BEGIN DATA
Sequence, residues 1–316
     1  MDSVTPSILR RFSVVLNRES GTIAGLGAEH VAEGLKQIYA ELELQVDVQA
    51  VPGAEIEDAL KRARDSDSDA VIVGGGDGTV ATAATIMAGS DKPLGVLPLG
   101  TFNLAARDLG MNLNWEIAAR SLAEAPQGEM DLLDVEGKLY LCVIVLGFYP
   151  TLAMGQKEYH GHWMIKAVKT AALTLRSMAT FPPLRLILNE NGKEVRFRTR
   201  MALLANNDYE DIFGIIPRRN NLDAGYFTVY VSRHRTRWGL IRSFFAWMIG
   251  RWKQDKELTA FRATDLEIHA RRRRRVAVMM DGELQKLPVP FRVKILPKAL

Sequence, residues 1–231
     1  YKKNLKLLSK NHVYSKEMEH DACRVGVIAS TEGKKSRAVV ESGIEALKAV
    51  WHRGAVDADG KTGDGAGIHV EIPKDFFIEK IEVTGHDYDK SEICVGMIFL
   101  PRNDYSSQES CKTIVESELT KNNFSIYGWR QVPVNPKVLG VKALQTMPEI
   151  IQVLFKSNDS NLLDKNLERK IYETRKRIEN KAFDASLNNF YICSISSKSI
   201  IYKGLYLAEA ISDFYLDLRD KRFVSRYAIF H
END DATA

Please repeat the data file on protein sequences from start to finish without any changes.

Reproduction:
Sequence, residues 1–316
     1  MDSVTPSILR RFSVVLNRES GTIAGLGAEH VAEGLKQIYA ELELQVDVQA
    51  VPGAEIEDAL KRARDSDSDA VIVGGGDGTV ATAATIMAGS DKPLGVLPLG
   101  TFNLAARDLG MNLNWEIAAR SLAEAPQGEM DLLDVEGKLY LCVIVLGFYP
   151  TLAMGQKEYH GHWMIKAVKT AALTLRSMAT FPPLRLILNE NGKEVRFRTR
   201  MALLANNDYE DIFGIIPRRN NLDAGYFTVY VSRHRTRWGL IRSFFAWMIG
   251  RWKQDKELTA FRATDLEIHA RRRRRVAVMM DGELQKLPVP FRVKILPKAL

Sequence, residues 1–231
     1  YKKNLKLLSK NHVYSKEMEH DACRVGVIAS TEGKKSRAVV ESGIEALKAV
    51  WHRGAVDADG KTGDGAGIHV EIPKDFFIEK IEVTGHDYDK SEICVGMIFL
   101  PRNDYSSQES CKTIVESELT KNNFSIYGWR QVPVNPKVLG VKALQTMPEI
   151  IQVLFKSNDS NLLDKNLERK IYETRKRIEN KAFDASLNNF YICSISSKSI
   201  IYKGLYLAEA ISDFYLDLRD KRFVSRYAIF H